When President Barack Obama put into motion a series of political events that set the stage for improved relations with Cuba, he may also have taken a major step towards reducing the number of diabetic foot amputations in this country.
Every year in the U.S., way too many people (about 73,000!!) lose their feet when untreated or untreatable wounds or ulcers claim healthy tissue as their victim.
So how can improved relations with Cuba help reverse the statistics, allowing more diabetics to avoid amputations? For the past nine years, patients in Cuba have been taking the drug Heberprot-P (developed in that country) to help cure ulcers. Apparently, the medication has made a real impact, helping to prevent a significant number of amputations.
Because the drug was developed in Cuba, American patients might never have been allowed to take Heberprot, but now that the political situation has thawed a bit, doctors in the U.S. are hopeful that the FDA will allow clinical trials of the drug to begin here.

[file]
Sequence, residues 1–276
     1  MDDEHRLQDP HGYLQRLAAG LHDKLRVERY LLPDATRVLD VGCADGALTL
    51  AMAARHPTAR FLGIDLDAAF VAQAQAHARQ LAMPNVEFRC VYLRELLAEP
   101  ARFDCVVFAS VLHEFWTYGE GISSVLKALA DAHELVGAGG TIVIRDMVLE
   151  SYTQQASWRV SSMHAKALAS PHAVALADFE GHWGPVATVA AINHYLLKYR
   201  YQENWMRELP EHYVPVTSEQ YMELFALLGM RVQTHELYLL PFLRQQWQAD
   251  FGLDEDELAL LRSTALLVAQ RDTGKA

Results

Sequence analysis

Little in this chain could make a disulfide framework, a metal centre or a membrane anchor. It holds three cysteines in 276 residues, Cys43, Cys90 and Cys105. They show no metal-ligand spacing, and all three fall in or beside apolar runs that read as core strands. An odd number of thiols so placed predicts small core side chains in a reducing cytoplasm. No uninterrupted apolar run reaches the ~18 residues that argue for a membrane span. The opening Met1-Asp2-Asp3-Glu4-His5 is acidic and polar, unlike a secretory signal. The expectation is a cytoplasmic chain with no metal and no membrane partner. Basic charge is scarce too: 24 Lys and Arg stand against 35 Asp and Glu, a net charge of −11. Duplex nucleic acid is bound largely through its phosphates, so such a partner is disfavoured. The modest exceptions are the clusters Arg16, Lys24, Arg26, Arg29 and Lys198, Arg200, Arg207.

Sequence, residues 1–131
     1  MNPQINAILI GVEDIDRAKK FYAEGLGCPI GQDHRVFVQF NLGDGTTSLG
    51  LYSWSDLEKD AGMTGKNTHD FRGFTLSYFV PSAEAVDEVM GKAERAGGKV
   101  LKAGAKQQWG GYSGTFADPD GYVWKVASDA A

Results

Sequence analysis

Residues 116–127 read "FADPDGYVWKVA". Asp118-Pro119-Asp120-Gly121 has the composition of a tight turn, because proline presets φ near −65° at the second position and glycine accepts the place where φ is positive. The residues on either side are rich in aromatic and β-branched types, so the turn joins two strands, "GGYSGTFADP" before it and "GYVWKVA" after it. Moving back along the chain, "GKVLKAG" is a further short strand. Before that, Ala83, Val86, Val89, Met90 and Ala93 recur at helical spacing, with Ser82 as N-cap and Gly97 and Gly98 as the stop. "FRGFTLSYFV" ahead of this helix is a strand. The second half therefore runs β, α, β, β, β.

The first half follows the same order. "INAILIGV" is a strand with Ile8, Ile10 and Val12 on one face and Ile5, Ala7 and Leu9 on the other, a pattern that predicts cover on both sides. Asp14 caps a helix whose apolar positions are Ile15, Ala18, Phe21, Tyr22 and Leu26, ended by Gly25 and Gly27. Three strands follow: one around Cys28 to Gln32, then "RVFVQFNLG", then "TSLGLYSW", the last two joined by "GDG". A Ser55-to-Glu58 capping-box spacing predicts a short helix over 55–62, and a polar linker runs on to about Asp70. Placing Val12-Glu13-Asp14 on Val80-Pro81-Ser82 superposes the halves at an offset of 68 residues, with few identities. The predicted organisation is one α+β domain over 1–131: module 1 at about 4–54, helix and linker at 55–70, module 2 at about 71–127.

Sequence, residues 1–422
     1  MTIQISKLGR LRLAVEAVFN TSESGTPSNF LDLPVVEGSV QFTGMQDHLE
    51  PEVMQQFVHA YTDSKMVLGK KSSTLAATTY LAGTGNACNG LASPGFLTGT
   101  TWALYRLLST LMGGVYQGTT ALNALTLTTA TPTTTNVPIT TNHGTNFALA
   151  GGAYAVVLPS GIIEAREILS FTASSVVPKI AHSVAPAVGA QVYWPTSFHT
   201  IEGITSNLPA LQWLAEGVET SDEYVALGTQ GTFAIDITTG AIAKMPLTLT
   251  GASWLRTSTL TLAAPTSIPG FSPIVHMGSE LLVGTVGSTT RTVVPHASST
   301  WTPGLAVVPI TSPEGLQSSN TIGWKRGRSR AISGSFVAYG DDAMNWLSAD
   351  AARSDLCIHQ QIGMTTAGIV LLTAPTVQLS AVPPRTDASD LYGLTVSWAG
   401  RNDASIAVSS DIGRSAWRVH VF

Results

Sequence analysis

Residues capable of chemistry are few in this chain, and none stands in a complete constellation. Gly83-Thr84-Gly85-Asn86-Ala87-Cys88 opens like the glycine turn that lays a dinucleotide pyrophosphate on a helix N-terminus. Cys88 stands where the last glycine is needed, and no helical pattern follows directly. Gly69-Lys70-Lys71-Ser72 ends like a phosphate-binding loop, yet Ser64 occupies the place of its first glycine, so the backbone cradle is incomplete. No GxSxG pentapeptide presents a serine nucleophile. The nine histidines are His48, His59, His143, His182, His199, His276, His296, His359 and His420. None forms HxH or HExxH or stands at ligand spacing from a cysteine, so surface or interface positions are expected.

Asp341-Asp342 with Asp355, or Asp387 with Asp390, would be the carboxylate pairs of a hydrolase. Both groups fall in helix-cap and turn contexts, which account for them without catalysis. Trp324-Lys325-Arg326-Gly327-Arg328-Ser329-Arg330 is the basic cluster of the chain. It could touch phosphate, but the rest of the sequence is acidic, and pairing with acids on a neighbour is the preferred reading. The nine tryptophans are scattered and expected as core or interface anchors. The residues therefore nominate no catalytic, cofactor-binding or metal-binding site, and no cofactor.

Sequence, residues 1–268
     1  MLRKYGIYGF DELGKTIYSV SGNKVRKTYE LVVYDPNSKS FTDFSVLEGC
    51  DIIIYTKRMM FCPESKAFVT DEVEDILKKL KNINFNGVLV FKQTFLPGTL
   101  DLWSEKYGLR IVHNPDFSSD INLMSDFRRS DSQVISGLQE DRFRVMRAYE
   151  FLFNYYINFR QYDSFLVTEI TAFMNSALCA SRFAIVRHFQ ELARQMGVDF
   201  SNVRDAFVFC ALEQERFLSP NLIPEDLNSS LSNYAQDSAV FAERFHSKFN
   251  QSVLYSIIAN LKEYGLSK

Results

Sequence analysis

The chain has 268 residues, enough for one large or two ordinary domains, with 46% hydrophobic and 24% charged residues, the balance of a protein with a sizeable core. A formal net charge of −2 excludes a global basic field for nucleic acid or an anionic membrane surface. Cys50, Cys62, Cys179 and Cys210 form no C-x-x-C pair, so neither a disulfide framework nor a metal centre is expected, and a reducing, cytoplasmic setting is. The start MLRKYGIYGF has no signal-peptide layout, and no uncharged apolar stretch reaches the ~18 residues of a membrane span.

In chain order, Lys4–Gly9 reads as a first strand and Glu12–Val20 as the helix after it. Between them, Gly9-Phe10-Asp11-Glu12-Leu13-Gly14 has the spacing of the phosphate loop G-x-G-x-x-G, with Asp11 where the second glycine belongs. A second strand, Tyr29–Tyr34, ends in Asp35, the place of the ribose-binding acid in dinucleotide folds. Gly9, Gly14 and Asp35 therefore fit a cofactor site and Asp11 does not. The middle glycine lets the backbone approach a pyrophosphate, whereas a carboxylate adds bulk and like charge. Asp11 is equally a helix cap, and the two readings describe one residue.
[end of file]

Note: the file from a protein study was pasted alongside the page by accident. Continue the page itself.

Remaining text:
Diabetic wounds can be difficult to heal because of the reduced blood flow and nerve damage many diabetics have in their outer extremities. As a Houston podiatrist, I have many tools in my arsenal designed to treat ulcers, but every wound responds differently to treatment so, in my opinion, you can never have too many effective weapons in the battle against foot loss in this country.
I hope that, in the next few years, we will see a drop in the rates of diabetic foot amputations, thanks not only to the approval of new drugs, but also due to better preventative diabetic foot care.
Be sure and do your part—if you are living with diabetes in Houston, make home foot exams a daily ritual and be sure to maintain regular appointments with a podiatrist like Dr. Andrew Schneider to stop complications before they become too difficult to treat.